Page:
IJsseloog (in English: the eye of the IJssel) is a two kilometre long industrial site built on an artificial, egg-shaped island situated in the Ketelmeer in The Netherlands. The perfectly circular lake in its centre serves as a dump for contaminated mud deposited by the Rhine River, then dredged from the nearby delta and transported to the IJsseloog for treatment.
Gschwantner‘s model of the island consists of a drawing on top of a glass plate, at the centre of which is sunk a bowl of mud and seawater. This model duplicates the unusual form of the island taken from a bird‘s-eye view. His accompanying video reveals the man-made nature of the landscape, which still looks idyllic despite its geometry.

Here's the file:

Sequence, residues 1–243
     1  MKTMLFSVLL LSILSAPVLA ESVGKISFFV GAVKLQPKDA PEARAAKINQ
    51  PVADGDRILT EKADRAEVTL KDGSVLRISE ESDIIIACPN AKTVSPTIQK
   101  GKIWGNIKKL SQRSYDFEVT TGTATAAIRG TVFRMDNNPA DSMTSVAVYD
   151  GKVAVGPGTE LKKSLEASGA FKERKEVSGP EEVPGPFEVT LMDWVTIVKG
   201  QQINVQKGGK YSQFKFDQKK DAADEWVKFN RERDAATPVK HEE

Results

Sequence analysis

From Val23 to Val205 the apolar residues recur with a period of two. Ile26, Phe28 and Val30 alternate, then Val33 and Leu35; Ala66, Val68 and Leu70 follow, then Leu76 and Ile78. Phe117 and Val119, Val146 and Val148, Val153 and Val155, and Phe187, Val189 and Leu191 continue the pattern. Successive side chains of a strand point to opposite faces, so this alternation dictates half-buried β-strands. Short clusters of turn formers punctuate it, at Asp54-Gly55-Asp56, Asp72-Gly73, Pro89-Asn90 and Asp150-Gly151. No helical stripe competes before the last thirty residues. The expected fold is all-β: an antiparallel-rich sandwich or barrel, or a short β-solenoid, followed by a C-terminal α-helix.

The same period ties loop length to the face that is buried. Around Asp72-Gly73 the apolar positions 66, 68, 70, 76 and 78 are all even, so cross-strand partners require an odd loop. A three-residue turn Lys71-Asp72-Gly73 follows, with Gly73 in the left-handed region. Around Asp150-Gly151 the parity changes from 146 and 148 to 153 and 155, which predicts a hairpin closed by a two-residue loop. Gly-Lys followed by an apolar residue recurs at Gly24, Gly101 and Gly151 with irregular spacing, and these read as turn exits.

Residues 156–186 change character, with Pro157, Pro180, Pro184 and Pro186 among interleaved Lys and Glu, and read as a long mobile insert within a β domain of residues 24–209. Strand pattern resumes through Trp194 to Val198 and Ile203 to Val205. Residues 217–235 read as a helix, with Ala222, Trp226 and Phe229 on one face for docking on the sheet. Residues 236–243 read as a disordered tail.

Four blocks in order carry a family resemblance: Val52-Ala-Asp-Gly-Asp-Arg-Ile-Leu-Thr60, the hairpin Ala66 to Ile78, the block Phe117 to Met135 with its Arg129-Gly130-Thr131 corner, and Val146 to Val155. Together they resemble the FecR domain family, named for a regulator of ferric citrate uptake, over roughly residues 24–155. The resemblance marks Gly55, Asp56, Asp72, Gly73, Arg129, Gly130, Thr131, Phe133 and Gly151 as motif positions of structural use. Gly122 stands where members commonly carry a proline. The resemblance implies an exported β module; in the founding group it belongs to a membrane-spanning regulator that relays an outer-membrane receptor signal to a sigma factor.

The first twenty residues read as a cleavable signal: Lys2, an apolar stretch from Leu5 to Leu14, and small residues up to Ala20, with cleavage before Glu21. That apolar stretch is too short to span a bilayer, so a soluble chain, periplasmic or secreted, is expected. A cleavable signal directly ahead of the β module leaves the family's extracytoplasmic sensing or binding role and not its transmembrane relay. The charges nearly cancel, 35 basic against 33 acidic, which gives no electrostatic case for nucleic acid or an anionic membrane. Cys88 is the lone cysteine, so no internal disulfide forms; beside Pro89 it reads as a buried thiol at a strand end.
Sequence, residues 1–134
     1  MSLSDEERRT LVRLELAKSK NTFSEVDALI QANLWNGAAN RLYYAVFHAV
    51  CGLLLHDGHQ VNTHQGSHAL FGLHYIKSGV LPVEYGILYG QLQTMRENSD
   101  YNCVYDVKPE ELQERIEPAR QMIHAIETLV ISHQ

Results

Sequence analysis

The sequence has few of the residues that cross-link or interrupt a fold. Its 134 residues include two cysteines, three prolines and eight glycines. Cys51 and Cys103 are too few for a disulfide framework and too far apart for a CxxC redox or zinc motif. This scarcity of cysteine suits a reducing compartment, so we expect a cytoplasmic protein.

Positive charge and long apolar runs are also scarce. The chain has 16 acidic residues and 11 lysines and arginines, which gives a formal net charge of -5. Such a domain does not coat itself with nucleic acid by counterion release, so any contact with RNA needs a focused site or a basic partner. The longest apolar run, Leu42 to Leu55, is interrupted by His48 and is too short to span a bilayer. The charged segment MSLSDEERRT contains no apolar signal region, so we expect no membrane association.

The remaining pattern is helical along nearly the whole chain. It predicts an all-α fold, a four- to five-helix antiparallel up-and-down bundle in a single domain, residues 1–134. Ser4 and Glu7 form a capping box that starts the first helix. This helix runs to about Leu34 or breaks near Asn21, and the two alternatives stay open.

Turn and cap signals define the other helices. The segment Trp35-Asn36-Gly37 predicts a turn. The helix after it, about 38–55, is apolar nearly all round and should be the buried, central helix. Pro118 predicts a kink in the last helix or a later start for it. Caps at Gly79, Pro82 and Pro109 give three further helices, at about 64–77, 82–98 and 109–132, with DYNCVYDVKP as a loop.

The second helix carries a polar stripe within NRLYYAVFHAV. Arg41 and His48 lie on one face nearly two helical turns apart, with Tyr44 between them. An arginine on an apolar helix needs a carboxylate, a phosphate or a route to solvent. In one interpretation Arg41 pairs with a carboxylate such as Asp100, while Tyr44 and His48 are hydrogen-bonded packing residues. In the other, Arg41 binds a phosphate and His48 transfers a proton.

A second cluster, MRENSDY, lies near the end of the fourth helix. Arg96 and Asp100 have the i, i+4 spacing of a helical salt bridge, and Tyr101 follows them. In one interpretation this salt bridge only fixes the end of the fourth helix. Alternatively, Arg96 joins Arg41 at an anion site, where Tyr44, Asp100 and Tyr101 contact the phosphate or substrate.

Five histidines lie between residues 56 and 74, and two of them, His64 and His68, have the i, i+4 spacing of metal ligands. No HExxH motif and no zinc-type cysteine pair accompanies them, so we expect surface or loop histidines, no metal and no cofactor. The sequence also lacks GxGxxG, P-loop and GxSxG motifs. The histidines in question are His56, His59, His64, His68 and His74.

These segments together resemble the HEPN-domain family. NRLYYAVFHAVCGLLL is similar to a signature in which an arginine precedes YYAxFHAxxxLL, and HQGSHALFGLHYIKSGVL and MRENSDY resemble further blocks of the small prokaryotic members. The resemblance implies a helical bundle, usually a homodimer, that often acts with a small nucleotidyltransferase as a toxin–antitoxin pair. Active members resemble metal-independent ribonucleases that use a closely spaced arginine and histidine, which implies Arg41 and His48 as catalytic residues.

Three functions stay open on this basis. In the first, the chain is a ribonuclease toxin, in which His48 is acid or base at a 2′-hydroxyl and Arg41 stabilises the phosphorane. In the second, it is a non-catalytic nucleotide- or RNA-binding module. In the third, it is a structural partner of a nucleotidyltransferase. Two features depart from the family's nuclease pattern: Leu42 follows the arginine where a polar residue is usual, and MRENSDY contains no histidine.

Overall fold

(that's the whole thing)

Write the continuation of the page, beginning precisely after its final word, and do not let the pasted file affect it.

Geometry and optics are also fundamental to Gschwantner‘s works woven from PVC-tubes. The net of PVC tubes are filled with seawater and contaminated residue, then stretched over a three-dimensional picture plane. Together with the inclusion of abstract forms and painted linework, these create new patterns. This stratification generates shimmering effects and visual movements similar to Op Art.
VIDEO: 5:07 MIN, 2014
CREDITS: RIJKSWATERSTAAT MIDDEN - NEDERLAND, VAN KLEEF MEDIA, JONATHAN TURNER
DE IJSSELOOG PUPIL
PLEXIGLASS, SEAWATER & SLUDGE
80 x 90 CM